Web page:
Tens of thousands attend Gdańsk mayor's funeral

Around 45,000 people attended the funeral in Gdańsk (northern Poland) of the city's murdered mayor, Paweł Adamowicz, according to police estimates. Meanwhile in Warsaw, crowds watched the ceremony on public screens.

Adamowicz died on Monday from injuries suffered in a Sunday knife attack in Gdańsk.

The funeral mass, which started at noon, was said by Poznań (western Poland) Metropolitan Bishop and Polish Episcopal Conference President Archbishop Stanisław Gądecki. A homily was given by Gdańsk Metropolitan Bishop, Archbishop Sławoj Leszek Głódź, in which he appealed for spiritual unity in the face of Adamowicz's death.

"We are here today (...) to say a farewell prayer to our brother in faith, the late Paweł Adamowicz, the mayor of the City of Gdansk. To extend to him our last rites of brotherhood, respect and recognition. To express our solidarity with the mayor's next of kin, who have been struck by tragedy. To testify to the unity of our hearts in the face of the tragedy that has befallen the late Paweł Adamowicz," Głódź said.

Recounting Adamowicz's mayorship of Gdańsk, Głódź observed that he was a true patriot of the city who "gave his heart to his service" and "followed the path of his earthly, dynamic, creative and future-oriented life."

Paweł Adamowicz was mourned by his closest family members, including his children, Antonina and Teresa. In her address at the ceremony, Adamowicz's wife, Magdalena, said she hoped the good brought by her late husband would spread and lead to the disappearance of divisions and hatred.

"Paweł, you encouraged doing good here (...) in Gdańsk. I believe this good will spread further, to other cities, to the whole world, that divisions will start to disappear and this wave of hatred will be over," Magdalena Adamowicz said.

Poland's Catholic primate, Wojciech Polak, in a letter to the funeral participants at Gdańsk's St. Mary's Basilica, wrote that that he thanked God for the good Adamowicz had spread to other people, and expressed sympathy with the deceased mayor's next of kin.

"I stand in prayer before the coffin of the tragically deceased Gdańsk Mayor Paweł Adamowicz to thank God for all the good that has become the share of many through his hands and heart," Polak wrote.

In the letter, Polak recounted that he had received the news of Adamowicz's death with sorrow, and voiced regrets that he could not attend his funeral ceremony personally owing to his current attendance at the World Youth Day event in Panama.

"Therefore, I wish to take this path to extend my special sympathy and spiritual solidarity (...) to the late mayor's spouse, children and loved ones," Archbishop Polak wrote.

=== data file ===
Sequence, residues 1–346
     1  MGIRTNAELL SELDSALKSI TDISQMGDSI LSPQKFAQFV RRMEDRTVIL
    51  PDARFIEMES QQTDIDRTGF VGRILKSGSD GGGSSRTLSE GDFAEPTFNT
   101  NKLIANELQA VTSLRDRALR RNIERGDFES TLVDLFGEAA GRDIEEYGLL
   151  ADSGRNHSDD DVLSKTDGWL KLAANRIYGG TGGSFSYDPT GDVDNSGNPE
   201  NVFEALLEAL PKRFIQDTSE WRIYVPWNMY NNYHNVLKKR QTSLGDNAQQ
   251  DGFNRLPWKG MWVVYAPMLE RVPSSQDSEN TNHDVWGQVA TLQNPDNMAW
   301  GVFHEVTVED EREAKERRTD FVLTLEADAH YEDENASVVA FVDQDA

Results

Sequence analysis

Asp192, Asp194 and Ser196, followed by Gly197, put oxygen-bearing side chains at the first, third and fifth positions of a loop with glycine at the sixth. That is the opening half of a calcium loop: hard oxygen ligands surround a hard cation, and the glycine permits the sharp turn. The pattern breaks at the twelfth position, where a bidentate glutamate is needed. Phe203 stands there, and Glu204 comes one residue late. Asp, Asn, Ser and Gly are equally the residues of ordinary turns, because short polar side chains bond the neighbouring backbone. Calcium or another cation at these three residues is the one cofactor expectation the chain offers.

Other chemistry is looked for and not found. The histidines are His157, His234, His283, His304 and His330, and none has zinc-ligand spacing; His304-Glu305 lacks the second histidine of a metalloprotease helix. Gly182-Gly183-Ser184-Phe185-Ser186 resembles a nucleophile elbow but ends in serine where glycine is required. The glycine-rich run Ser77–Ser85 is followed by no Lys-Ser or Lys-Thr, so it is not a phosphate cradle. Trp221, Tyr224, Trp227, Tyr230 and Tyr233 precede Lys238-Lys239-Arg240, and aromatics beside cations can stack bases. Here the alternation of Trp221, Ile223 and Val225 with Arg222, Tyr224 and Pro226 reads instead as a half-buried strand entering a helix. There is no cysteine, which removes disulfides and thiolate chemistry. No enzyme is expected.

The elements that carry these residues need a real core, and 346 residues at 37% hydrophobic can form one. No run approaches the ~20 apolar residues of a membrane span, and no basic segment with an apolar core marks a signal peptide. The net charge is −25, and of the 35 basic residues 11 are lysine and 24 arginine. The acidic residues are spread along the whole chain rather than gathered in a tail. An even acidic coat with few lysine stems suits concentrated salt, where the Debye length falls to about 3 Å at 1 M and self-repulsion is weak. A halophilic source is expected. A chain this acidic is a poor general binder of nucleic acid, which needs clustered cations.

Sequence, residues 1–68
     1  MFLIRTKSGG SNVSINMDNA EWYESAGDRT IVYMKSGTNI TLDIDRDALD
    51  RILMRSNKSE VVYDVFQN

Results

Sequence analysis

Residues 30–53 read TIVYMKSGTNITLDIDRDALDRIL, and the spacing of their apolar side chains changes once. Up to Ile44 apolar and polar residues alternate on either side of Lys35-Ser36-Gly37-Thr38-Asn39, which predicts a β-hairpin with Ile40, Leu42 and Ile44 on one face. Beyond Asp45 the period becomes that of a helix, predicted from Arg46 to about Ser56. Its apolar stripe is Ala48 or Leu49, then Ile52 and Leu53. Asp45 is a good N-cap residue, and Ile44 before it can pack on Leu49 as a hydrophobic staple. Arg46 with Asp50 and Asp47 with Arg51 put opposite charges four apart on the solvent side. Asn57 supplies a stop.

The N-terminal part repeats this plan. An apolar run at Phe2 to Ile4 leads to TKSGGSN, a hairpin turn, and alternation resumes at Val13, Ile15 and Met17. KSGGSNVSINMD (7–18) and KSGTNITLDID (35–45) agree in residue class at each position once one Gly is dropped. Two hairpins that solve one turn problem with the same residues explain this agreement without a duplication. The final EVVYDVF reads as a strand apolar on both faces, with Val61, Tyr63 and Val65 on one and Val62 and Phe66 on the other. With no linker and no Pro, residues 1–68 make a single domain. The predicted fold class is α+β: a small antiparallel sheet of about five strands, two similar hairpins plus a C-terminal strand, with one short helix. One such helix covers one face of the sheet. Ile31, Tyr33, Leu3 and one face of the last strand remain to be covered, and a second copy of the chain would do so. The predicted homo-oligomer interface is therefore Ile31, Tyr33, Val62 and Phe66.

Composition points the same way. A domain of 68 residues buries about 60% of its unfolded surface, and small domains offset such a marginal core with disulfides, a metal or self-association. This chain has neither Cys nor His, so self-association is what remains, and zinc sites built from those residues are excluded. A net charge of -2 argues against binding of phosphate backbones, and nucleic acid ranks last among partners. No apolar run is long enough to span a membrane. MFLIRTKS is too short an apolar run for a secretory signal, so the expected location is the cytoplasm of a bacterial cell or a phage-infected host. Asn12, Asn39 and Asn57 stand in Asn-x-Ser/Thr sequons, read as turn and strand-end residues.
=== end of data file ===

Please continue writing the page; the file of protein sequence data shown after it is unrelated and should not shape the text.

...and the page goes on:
Attending the funeral were President Andrzej Duda, European Council head and former Polish PM Donald Tusk with his wife, former Polish presidents Lech Wałęsa, Aleksander Kwaśniewski and Bronisław Komorowski, current PM Mateusz Morawiecki with his wife and former government leaders Hanna Suchocka, Jan Krzysztof Bielecki, Włodzimierz Cimoszewicz, Waldemar Pawlak, Jerzy Buzek, Marek Belka, Kazimierz Marcinkiewicz and Ewa Kopacz. Also present were Culture Minister Piotr Gliński and Health Minister Łukasz Szumowski.

Representing the Polish parliament were the deputy speakers of its two houses, Małgorzata Kidawa-Błońska (Sejm - lower house) and Bogdan Borusewicz (Senate - upper house).

Also present were Jerzy Owsiak, the founder of the Grand Orchestra of Christmas Charity organisation during whose finale Adamowicz was attacked, national Ombudsman Adam Bodnar, Gdańsk Immigrant Council head Aws Kinani, former German President Joachim Gauck and the mayors of Rotterdam, Bremen, Leipzig and Hamburg.

Acting Gdańsk Mayor and Adamowicz's former deputy, Aleksandra Dulkiewicz, said Gdańsk should strive to be the kind of open community Adamowicz had envisaged.

"Let us do everything to be the kind of community our mayor Paweł Adamowicz dreamed of: let us be open, let us be hospitable, let us be loyal to each other, let us show respect to those who think differently, let us convince one another by the force of argumentation and not the argument of force. Let us show good to each other on a daily basis and not only on special occasions, let us lead better lives with others and for ourselves," Dulkiewicz appealed.

In Warsaw crowds gathered in the city's Zamkowy Square to watch a video broadcast of the funeral ceremony. Present among others was Warsaw Deputy Mayor Renata Kaznowska.

The funeral ceremony ended shortly after 3:00 pm. The urn containing Adamowicz's ashes was interred in the St. Martin's Chapel of St. Mary's Basilica.

On Sunday, November 13, Gdańsk, northern Poland, Mayor Paweł Adamowicz was stabbed three times by a recently released convicted criminal who rushed onto the stage during the Great Orchestra of Christmas Charity finale in the city. The mayor suffered severe cardiac and abdominal injuries. Doctors gave Adamowicz emergency treatment on the spot and subsequently transported him to the Medical University of Gdańsk hospital, where he underwent five hours of surgery. Adamowicz died from his injuries on Monday afternoon without regaining consciousness.